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Trouble Bird Wants You to Party in Your Sweats Under a Spinning Disco Ball

The funky new cocktail lair just replaced Maxwell Park in Navy Yard

Trouble Bird opened on Tuesday, February 28.
Trouble Bird

Party at the VFW dance hall, decorated like your punk-rock grandad’s living room. That’s the ethos of Trouble Bird (1346 4th Street SE), Navy Yard’s newest shot-sized cocktail den.

The 40-seat bar, which debuted Tuesday, February 28, comes from D.C. sommelier and restaurateur Brent Kroll (who was also behind Trouble Bird’s predecessor Maxwell Park) and area bartenders and friends Justin Cara-Donna and Andrew Hurn, recent alums of D.C.’s award-winning cocktail den Silver Lyan.

Trouble Bird holds onto Maxwell’s eight-seater booths and installs a centerpiece disco ball and black and white artsy wallpaper covered with miscellaneous frames and mirrors. Statement-making entryway curtains are on their way in the next few weeks, along with custom lamp shades which will surround the interior, and eventually a structured streetery.

In looking for cocktail prowess to attach to his newest bar, Kroll sought the advice of people he trusts the most in the D.C. drink world, and says Cara-Donna and Hurn’s names kept coming up. Kroll spoke with them separately and they both raised the idea of partnering. Thus, Trouble Bird was born—a bar that’s just as much about Cara-Donna and Hurn’s friendship as it is about their passion for mixology.

The pair started working together at the now-shuttered Columbia Room within a month of one another and became instant friends. “We both ended up hanging out on my couch, talking about cocktails until the sun rose,” Cara-Donna tells Eater.

The name Trouble Bird is a reference to the type of bars Cara-Donna and Hurn love hanging out at—the kind where you look at your watch and realize it’s suddenly closing time and your tab is a lot longer than you expected; the kind of bar that spells “trouble.”

“It’s the graph of the intersection of cozy meets fun where you kind of lose track of time,” explains Cara-Donna.

The duo come from some of the most ambitious cocktail bars in the city; and although it’s clear they care about their art form deeply, it’s also clear that they also don’t take themselves too seriously. The pair have a litmus test for trying new things: “If it makes us both laugh it’s probably a good idea,” says Cara-Donna. “If it brings us joy, hopefully it can bring somebody else joy.”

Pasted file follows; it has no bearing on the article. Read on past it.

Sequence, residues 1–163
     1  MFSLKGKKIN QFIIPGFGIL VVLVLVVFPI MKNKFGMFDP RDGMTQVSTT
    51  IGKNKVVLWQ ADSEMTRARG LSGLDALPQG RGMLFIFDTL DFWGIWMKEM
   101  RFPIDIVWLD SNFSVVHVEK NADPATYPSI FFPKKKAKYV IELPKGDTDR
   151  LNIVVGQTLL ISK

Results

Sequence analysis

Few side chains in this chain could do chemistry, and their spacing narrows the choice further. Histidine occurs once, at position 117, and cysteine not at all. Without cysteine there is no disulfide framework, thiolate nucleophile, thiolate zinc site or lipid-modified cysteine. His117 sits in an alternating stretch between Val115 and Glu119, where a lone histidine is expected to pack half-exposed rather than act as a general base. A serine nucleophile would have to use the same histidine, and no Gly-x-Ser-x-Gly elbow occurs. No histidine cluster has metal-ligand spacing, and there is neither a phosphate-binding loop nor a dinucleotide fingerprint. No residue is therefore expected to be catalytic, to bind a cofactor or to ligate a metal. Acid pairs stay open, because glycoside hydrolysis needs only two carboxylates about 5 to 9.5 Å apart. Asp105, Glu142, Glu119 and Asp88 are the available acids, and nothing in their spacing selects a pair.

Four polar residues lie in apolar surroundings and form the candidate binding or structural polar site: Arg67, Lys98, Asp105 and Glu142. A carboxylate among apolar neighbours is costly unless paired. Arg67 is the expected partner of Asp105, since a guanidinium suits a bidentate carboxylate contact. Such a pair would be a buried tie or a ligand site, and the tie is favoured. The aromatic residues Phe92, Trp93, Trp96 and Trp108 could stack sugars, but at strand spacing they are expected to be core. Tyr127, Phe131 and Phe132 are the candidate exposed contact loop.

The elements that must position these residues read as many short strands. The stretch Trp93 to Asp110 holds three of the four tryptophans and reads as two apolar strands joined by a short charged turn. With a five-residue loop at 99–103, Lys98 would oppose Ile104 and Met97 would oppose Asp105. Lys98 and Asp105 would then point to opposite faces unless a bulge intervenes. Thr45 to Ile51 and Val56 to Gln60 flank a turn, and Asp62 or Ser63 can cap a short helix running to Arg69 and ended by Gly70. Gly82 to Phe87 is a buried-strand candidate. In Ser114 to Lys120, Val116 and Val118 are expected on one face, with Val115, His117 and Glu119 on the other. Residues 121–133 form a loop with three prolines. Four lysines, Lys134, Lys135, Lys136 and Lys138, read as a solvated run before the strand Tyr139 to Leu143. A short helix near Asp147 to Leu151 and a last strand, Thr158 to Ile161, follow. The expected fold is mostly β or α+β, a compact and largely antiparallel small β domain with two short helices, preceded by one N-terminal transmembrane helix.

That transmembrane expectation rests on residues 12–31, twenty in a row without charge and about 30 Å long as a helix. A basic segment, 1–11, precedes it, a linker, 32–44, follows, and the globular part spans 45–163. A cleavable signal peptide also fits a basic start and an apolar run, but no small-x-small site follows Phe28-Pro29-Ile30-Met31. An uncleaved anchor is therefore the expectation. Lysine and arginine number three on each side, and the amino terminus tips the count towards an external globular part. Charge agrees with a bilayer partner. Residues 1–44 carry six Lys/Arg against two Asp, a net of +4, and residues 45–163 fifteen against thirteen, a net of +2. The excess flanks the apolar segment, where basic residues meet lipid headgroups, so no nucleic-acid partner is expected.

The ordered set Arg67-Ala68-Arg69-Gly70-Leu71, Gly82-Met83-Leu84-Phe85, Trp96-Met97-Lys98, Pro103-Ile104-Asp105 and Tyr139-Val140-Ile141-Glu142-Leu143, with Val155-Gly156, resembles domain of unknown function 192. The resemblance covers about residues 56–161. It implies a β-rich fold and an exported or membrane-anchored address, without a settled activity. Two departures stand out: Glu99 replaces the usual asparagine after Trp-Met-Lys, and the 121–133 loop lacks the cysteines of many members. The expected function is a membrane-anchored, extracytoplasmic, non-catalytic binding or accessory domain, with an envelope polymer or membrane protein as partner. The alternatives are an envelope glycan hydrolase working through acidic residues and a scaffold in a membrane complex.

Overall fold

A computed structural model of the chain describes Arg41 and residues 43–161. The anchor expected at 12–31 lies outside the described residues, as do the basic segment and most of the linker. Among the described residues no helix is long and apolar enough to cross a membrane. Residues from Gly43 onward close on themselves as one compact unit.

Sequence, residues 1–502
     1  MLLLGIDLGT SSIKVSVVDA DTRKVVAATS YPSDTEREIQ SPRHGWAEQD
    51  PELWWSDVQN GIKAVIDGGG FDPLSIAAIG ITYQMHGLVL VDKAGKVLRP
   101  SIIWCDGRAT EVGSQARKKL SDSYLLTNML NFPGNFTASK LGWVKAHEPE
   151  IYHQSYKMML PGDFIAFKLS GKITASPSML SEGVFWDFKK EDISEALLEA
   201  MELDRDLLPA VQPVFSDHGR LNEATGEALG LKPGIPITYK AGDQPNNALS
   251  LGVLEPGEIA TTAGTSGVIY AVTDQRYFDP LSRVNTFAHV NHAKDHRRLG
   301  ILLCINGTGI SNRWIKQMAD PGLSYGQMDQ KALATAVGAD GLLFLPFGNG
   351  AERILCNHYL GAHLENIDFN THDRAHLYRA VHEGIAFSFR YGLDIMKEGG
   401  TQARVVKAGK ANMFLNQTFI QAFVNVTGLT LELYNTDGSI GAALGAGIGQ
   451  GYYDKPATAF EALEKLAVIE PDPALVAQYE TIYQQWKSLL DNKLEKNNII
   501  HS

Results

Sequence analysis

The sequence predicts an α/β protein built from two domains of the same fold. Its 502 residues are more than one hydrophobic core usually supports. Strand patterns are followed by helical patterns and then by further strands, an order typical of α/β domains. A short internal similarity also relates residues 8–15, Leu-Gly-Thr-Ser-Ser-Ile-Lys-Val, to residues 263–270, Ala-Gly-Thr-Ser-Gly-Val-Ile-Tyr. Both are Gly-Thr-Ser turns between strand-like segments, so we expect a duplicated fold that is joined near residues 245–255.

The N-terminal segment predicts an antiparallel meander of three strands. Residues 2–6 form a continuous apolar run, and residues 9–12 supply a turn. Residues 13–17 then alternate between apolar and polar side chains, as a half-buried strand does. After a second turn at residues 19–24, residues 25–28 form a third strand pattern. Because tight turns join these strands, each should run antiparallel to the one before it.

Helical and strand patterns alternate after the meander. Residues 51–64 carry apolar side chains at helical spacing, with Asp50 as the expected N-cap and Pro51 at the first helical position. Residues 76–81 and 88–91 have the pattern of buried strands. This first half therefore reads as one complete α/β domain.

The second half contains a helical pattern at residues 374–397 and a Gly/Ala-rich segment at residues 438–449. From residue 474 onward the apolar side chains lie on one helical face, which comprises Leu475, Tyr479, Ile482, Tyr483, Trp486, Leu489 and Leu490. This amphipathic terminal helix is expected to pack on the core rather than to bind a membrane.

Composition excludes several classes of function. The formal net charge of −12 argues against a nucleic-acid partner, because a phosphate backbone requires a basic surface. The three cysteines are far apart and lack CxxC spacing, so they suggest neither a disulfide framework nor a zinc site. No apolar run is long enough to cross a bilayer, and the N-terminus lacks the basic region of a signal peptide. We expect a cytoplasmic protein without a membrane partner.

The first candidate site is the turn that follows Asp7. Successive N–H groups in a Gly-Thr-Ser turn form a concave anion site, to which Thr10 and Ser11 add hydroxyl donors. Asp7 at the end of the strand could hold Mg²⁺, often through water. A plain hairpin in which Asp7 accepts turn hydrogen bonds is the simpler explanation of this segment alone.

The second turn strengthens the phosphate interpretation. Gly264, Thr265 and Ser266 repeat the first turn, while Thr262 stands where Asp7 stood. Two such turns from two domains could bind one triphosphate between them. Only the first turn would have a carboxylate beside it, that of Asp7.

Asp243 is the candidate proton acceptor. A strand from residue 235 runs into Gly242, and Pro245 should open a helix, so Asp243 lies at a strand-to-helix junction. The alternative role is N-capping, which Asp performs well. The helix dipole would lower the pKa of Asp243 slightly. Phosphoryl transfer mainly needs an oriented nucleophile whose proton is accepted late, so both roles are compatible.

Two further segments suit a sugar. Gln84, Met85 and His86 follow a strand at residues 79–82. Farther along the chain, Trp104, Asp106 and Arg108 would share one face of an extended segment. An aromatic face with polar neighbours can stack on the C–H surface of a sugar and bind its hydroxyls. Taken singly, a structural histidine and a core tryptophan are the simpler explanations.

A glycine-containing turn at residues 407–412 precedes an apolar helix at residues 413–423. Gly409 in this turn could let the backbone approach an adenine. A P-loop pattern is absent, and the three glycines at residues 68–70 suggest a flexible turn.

Trouble Bird is framed with eclectic wallpaper and art.
Trouble Bird

The goal is to make drinks that are recognizable—but with a little extra of the unexpected: flavors like avocado and bayleaf in a daiquiri or lemongrass in a martini. “A lot of stuff that’s familiar and approachable and fun and doing some stuff that’s a little more wacka-do,” says Hurn.

In concert with those eight-person booths, Trouble Bird is serving up some large format drinks, like “Champagne Julep,” made with Maker’s Mark, saffron-strawberry, mint, and bubbles.

The bar sends out frozen drinks, too. Gin, ube, passionfruit, orgeat, falernum, and lemon come together in a purple slushie called “Neptune.” The menu is rounded out with wined by the glass and half bottle and boilermakers – Oliver Brewing Co.’s Cherry Blossom Ale is paired with an “improved” green tea shot, and Narragansett Lager is partnered with a cinnamon and mezcal “glitterschlager.”

“Everything is unique to this space; everything has those high elevated touches but without being overly complex. Everything feels familiar; everything feels comforting,” says Cara-Donna.

At night, rotating flecks of light from a disco ball are visible from the street.
Trouble Bird

“Comforting” is the adjective that sparked the bar’s inaugural seasonal cocktail theme. Cara-Donna and Hurn were thinking of what comforts them when they realized they had inadvertently put together their first themed drink menu: Breakfast for Dinner.

There’s a play on Sawada coffee shop’s famous “military latte.” A “flapjack” Old Fashioned combines bourbon and mezcal with brown butter, maple, and buckwheat bitters. Hurn and Cara-Donna are especially proud of their “Everything Bagel Sazerac,” punched up with sesame aquavit and chive gomme. “Savory requires a much more gentle hand when building that into a cocktail but we think we really nailed that one,” says Hurn.

Like Kroll’s other spots Maxwell and Pop, the food is there to support the booze—but also decadently craveable in its own right. Chef Ben Plyraharn, who comes from D.C. institutions like Toki Underground, Bresca, Maketto, and Reverie, serves up Thai-Italian bites that can be eaten sans utensils.

Squash arancini are fortified with madras curry and provolone; shishito peppers surround a nam prik aioli dipping sauce. Then, there’s the sandwich Plyraharn calls his “baby:” a carbonara panini, filled with guanciale, pecorino, and salted duck eggs. “I think we’ve got the world’s first grilled cheese that requires a napkin,” says Hurn.

Trouble Bird closes at midnight Tuesday through Thursday, 2 a.m. on Friday and Saturday, and 11 p.m. on Sunday.